ST. GEORGE – An agreement approved by Washington County and the City of St. George this week will allow city officials to be more directly involved in discussions with the Bureau of Land Management and the county concerning the federal agency’s proposed plans for public lands within the county.
The BLM’s draft resource management plan, or RMP, contains four alternative proposals for the future management of the Beaver Dam Wash and Red Hills national conservation areas. When the RMP was introduced last fall it received heavy criticism from county and municipal officials due to worries that facets of the plan could negatively impact the county and its municipalities.
One of the prominent complaints against the BLM’s proposed plans is that, in all the time the agency spent putting the RMP together, it did little to consult or coordinate with county or city officials. That has changed in recent months as communication between the entities has improved and is expected to continue to improve under an interlocal agreement approved by the City Council Thursday.
The agreement, made with Washington County regarding coordination on the BLM’s plan, will allow the city to directly take part in negotiations between the county and federal agency.
“It’s an agreement between St. George and the county where the county will rely on the City of St. George for expertise in regard to the resource management plan,” Washington County Commissioner Victor Iverson said.
The commission approved their side of the agreement Tuesday.
The city had been unable to get a seat at the table and directly address concerns because it had not entered into a memorandum of understanding as the county had. The city had the option of signing its own memorandum, but it would take months to finalize. Instead, the city ended up piggybacking on the county’s original memorandum with the BLM.
The idea to piggyback on the county came from Brian Tritle, field manager of the BLM’s St. George Field Office, St. George Mayor Jon Pike said.
“I appreciate Brian Tritle … for suggesting this and allowing the process to happen so we can, in a sense, be equal partners in this,” Pike said.
During the City Council meeting Thursday, Pike said it bothered him that the city wasn’t able to take the direct approach with a memorandum but also noted that the interlocal agreement provides an immediate path for the city to jump in and join negotiations through the county.
As well, while the county has specific issues it wants to address, Pike said, the city has its own. With the interlocal agreement in place, the city will now be order to address its concerns directly with the BLM.
Traditionally, Iverson said, it’s usually state and counties that deal with the BLM as cooperating agencies and not the cities. However, he said, the City of St. George had a bit more standing within the county under language written in the Omnibus Public Land Management Act of 2009.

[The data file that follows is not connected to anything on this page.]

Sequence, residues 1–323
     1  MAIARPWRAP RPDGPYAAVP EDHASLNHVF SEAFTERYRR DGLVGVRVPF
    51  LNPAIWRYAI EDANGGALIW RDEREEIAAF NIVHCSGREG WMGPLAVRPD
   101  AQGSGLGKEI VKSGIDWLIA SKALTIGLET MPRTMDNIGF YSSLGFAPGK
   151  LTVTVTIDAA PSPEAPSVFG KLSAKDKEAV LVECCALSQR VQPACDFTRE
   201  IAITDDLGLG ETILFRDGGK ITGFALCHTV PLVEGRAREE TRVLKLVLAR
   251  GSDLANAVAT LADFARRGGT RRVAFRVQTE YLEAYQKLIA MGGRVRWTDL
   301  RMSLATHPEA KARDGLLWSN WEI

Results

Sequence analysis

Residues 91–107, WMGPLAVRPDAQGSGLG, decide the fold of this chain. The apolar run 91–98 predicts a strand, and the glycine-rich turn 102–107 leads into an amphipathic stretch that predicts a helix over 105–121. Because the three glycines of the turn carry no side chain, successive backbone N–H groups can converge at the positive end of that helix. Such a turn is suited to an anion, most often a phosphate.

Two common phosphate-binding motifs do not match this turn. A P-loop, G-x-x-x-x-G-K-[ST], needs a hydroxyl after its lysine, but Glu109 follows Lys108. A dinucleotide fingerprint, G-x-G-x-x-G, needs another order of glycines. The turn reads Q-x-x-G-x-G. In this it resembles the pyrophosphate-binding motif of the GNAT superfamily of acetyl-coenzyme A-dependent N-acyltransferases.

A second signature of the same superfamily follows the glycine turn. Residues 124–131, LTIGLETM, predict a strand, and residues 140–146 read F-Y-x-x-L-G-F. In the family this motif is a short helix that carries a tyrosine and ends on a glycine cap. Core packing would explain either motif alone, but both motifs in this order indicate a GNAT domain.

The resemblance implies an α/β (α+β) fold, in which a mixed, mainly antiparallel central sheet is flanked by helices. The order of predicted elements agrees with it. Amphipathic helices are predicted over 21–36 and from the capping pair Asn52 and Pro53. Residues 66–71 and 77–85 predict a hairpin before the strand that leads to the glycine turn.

The 2009 omnibus bill is touted as a collaborative effort between federal and local agencies that saw the creation of the two national conservation areas. Local leaders have long said it also mandates the BLM coordinate with the county and St. George in relation to the management of public lands in the region.
The BLM came under scrutiny in January during a congressional hearing held in St. George. Utah Republican Reps. Chris Stewart, Jason Chaffetz and Rob Bishop participated in the hearing, as did other Republican members of congress. They expressed their own concerns about complaints over the BLM’s lack of communication with local entities.
In the wake of the hearing, Pike and Iverson both said communication with the BLM has greatly improved.
“From the BLM’s point of view, we certainly want to communicate well with the City of St. George,” Tritle said Friday.
From the BLM’s perspective, Tritle said, the interlocal agreement provides an official means by which the interests of the City of St. George will be presented and represented though the county.
Iverson said, “Things, in a lot of ways, are moving forward positively.”
Like Pike, Iverson said Tritle has been very good to work with; “We’re finding a resolution on a lot of areas of concern,” he said.
There is one notable exception – the proposed northern corridor. Civic leaders in Washington County say the possibility of the road was promised by Congress in the 2009 omnibus bill. The BLM isn’t so sure about that.
Iverson said: “We believe the BLM is having a hard time interpreting the language of the lands bill very clearly. We feel the intent of Congress is clear that they need to designate a route.”
A proposed route of the northern corridor would place the roadway between Red Hills Parkway and Interstate 15 at Exit 13. The route cuts right through the desert tortoise habitat, something that conservation groups opposed to the road aren’t very happy about. County officials are also not ruling out the possibility of legal action should the roadway be denied.
Tritle said: “I agree, the northern route certainly is a big issue. It’s gotten a lot of attention from the media, and I think a lot of the public does care and has weighed in on that.”
For the time being, Iverson said, the county is focusing on resolving other issues before tackling the northern roadway.
Whatever the ultimate fate of the northern corridor, Tritle said the plans are still in the preliminary phases and much work is yet to be done.
“I’m happy with how things are going,” he said, “but we still have the rest of the process to go through,” adding the BLM is meeting regularly with local civic leaders.
“We’re working together on friendly terms,” Tritle said, “and that is a great place to be.”
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